National Influenza Vaccination Week (December 5-9) reminds us that there’s still time to get a flu vaccine. While you can get sick with the flu at any time of year, most flu viruses spread during the fall and winter months. An annual flu vaccination can lower your risk of getting the flu and the risk of having serious illness from the flu.
What is the Flu?
Influenza, or “flu,” is a contagious illness caused by a virus that affects the nose, throat and lungs. It can cause mild to severe symptoms and can even be life-threatening. Common flu symptoms include:
- Sore throat
- Runny or stuffy nose
- Muscle or body aches
- Vomiting and diarrhea
Most people who get the flu can treat themselves at home with rest, over-the-counter fever and cough medicines, and plenty of water, but in some cases, a person may need medical attention for flu complications. See a doctor right away if you experience difficulty breathing, chest pain, ongoing dizziness or seizures.
The best way to prevent flu is by getting a flu vaccine each year. Flu viruses are always changing, so flu vaccines are updated each year to protect against the viruses that are likely to be common during the upcoming flu season. The protection you get from a flu vaccine will decrease over time, so it’s important to be vaccinated every year for the best protection against flu. Flu vaccination can help you avoid illness, reduce your chance of serious complications and prevent you from spreading flu viruses to friends and family.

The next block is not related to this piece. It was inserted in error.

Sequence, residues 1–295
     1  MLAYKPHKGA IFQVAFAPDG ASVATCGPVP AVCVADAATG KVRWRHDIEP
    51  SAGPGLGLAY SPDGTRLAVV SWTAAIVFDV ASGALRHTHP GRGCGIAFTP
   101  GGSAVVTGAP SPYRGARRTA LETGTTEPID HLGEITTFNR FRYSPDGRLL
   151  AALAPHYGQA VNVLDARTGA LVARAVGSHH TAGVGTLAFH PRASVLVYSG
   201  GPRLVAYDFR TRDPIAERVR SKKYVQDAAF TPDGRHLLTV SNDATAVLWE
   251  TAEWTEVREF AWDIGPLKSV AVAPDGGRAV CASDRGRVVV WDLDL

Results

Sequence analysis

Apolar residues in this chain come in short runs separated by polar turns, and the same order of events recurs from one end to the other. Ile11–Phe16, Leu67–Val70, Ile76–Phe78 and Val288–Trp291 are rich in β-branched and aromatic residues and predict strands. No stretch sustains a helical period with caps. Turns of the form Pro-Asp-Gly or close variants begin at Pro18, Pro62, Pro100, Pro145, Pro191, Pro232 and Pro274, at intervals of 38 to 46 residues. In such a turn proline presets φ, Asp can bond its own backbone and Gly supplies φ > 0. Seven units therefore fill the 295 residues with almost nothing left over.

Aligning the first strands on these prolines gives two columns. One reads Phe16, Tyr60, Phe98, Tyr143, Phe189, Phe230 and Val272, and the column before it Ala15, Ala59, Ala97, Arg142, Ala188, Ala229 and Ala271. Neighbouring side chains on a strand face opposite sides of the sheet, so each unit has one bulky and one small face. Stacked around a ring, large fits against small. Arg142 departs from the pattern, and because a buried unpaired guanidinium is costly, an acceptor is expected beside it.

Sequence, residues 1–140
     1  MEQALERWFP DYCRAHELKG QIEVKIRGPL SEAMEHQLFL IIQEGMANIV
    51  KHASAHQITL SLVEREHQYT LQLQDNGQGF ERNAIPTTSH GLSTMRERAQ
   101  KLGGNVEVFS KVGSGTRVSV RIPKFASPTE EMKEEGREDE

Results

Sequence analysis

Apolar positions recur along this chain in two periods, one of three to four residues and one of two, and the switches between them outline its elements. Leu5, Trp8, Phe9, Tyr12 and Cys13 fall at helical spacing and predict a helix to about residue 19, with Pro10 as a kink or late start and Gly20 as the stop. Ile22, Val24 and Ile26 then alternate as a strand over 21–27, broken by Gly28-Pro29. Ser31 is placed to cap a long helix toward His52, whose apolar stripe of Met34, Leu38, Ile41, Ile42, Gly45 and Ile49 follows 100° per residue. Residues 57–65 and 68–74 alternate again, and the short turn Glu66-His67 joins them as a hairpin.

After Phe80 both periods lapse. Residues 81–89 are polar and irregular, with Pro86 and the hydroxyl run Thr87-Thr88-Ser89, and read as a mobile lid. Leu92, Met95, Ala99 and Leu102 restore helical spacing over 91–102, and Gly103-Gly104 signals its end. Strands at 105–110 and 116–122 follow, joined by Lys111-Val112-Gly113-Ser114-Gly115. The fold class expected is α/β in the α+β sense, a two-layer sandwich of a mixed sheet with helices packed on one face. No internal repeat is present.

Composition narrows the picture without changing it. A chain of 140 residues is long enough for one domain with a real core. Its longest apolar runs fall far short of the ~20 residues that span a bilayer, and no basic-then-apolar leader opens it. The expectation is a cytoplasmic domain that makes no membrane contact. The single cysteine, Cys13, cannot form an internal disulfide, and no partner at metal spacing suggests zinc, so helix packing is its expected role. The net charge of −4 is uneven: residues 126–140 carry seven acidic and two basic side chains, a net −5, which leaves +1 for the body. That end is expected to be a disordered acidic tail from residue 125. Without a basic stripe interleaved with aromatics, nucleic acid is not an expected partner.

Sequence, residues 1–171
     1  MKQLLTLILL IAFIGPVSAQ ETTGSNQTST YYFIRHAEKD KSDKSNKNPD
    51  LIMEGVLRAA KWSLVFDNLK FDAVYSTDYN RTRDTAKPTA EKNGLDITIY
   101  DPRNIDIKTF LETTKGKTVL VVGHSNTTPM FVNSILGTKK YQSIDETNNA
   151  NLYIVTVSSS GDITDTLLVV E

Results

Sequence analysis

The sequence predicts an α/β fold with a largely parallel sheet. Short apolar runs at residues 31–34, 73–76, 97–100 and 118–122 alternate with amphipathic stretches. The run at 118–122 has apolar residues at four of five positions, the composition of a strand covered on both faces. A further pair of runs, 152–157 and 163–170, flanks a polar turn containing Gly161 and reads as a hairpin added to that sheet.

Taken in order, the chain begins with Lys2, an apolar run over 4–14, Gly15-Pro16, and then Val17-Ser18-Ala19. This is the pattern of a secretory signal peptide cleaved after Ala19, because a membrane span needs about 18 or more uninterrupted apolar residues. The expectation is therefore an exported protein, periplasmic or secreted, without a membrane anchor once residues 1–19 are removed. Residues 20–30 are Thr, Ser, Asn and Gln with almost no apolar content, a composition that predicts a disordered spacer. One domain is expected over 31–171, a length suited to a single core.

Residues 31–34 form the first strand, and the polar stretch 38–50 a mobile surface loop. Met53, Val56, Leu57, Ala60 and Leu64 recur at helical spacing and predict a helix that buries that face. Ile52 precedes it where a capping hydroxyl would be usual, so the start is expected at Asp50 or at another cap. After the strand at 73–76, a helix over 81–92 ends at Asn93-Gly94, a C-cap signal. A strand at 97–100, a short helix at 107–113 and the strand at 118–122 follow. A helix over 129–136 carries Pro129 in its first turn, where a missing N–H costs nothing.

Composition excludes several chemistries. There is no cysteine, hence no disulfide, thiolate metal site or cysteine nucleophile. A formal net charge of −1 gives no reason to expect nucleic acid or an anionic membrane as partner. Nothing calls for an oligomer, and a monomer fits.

Everyone 6 months of age and older is recommended to get an annual flu vaccine. Flu shots are covered by most insurance plans, including Medicaid and Medicare. Visit your doctor or any local pharmacy to get a flu shot, or find a vaccination site near you at GetMyFluShot.org. Free and low-cost flu vaccine options may be available from local health centers. Walk-in flu shots are available at local Arkansas Department of Health units. Learn more at healthy.arkansas.gov/.
Flu & COVID-19
Flu and COVID-19 are both contagious respiratory illnesses, but they are caused by different viruses. The two illnesses share many symptoms, and it can be difficult to tell the difference between the two without specific testing. You can get a flu vaccine and a COVID-19 vaccine or booster at the same visit if you are due for both. Ask your doctor or local pharmacist about getting both vaccines at a single visit to better protect yourself against flu and COVID-19 this winter.